I find that most companies as a component of their SCCM deployments are looking to also push out System Center Endpoint Protection vs. retaining their existing antivirus tools. I’ve had a very good experience with SCEP as a principal antimalware tool as both a user and a consultant. That said, I was working on a deployment where that was not the case and I found something really interesting. I didn’t deploy the Endpoint Protection site role and as an added layer of protection decided to configure the client settings that endpoint protection should not be installed or configured. I found that in order to configure these settings you must actually have the management point deployed. If the management point is not deployed the client settings remain grayed out.
Here is the TechNet reference, which shows how easy it is to disable System Center Endpoint Protection on specific collections, once the settings are enabled. This is helpful if you have sub groups of users who should not get the client or the settings.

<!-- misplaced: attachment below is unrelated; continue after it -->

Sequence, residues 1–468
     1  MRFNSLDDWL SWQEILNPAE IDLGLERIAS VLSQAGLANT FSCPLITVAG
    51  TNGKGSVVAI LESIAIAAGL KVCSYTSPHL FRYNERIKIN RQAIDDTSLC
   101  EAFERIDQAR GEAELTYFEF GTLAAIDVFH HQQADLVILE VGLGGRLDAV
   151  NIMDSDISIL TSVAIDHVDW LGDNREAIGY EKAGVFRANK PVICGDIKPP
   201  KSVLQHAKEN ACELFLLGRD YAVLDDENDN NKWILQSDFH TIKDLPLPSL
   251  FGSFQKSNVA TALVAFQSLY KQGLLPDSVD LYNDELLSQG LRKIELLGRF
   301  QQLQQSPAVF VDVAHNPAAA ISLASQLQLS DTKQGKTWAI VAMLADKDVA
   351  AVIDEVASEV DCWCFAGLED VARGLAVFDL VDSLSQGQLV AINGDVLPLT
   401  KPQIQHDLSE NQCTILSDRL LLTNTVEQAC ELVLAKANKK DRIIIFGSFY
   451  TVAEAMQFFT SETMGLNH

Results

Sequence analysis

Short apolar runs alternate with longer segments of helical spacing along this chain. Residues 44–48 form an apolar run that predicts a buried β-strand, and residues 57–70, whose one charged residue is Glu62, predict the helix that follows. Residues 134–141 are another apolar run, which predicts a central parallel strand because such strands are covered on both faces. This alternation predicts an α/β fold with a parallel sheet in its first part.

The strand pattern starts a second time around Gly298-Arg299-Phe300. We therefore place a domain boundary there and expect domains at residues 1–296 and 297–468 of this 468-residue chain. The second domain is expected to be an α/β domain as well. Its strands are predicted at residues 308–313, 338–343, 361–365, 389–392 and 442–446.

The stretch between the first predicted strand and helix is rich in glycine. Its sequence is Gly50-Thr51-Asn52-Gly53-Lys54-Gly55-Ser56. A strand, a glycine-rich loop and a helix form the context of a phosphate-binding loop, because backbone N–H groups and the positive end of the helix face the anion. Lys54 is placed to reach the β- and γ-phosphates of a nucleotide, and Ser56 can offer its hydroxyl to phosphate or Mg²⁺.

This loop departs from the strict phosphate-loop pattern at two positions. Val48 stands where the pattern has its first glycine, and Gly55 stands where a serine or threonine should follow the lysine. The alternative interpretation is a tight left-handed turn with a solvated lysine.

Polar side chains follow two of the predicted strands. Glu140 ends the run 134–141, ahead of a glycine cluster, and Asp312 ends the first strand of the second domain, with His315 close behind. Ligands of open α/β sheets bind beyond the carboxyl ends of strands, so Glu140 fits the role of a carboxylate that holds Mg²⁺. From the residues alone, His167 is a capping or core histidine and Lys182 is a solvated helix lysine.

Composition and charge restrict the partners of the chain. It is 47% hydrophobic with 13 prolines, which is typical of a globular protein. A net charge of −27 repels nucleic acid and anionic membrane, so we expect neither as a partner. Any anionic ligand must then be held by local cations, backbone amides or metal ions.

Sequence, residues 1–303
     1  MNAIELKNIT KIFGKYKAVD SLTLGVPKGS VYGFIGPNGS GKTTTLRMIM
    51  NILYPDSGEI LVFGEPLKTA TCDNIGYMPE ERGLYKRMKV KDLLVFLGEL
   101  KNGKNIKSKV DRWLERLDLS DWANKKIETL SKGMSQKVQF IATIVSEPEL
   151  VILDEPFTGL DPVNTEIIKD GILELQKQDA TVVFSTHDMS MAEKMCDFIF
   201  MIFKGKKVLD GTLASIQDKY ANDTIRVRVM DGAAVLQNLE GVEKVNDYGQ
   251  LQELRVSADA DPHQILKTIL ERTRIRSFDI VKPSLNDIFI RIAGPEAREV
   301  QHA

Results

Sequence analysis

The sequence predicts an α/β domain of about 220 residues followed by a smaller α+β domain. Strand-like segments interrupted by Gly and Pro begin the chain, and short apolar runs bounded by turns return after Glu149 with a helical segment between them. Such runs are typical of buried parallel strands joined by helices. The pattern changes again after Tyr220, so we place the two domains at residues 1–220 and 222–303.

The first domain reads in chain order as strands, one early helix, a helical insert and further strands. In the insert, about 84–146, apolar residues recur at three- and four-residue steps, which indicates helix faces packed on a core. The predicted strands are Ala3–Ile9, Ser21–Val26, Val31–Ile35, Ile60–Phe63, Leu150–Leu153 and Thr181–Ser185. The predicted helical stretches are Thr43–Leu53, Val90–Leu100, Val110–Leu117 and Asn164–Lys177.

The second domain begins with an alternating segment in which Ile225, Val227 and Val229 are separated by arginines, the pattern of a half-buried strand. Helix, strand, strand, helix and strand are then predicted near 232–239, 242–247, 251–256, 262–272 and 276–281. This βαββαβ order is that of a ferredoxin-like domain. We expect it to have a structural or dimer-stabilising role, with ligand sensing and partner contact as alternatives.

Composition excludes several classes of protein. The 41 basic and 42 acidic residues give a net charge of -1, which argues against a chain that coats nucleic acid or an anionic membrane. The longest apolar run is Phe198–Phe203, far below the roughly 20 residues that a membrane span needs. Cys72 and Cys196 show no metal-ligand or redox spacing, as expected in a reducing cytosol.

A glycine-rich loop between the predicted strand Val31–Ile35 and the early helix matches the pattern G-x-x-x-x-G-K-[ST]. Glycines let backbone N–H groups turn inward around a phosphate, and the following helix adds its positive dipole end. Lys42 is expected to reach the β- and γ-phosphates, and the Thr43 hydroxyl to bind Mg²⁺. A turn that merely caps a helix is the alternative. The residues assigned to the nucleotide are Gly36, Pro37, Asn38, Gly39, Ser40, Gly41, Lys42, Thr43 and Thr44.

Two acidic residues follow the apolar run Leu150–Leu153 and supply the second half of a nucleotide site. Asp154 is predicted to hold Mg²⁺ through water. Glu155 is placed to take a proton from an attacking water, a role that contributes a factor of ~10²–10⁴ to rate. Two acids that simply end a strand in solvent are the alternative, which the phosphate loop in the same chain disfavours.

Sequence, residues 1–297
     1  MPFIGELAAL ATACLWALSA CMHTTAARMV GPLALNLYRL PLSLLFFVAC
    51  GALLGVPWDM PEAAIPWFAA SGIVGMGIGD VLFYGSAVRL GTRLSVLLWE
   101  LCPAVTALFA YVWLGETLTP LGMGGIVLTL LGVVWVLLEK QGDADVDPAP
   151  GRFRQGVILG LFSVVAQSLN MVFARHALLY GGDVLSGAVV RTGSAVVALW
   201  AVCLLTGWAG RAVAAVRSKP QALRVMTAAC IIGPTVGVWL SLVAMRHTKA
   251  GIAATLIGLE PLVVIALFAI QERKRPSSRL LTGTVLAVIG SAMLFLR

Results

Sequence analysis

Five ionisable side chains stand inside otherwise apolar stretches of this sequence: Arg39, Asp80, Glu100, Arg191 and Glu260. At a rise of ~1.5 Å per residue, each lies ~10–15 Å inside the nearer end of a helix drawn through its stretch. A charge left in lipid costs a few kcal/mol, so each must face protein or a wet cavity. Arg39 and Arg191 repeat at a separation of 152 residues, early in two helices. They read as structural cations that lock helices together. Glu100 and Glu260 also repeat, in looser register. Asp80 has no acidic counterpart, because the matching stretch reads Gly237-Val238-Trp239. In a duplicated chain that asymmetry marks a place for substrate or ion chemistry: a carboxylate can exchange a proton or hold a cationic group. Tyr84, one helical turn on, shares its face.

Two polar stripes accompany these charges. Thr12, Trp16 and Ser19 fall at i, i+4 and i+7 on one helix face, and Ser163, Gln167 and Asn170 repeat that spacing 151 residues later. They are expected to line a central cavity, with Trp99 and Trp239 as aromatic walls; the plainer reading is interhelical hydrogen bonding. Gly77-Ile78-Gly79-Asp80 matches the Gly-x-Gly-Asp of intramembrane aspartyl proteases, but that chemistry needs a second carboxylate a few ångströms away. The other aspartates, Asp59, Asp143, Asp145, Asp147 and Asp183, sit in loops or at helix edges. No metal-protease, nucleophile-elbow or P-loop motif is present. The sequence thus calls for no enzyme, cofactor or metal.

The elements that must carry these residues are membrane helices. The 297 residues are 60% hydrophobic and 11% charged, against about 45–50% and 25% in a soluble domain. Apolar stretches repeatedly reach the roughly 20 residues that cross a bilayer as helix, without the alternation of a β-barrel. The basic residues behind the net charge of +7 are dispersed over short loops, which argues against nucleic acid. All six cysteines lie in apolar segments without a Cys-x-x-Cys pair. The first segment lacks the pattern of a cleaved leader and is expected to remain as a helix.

Personally, I found this really strange, since someone could accidentally deploy the site role and then the client could get deployed easily and enabled. I decided that the best course of action was training of the client and instruction on these roles, as well as significantly limiting who could make these changes, such as limiting who the full administrators of the system are. The other option is to install the endpoint protection role and then disable it on all systems, but I considered that a higher risk, since removing the client setting would be pretty easy to do unintentionally.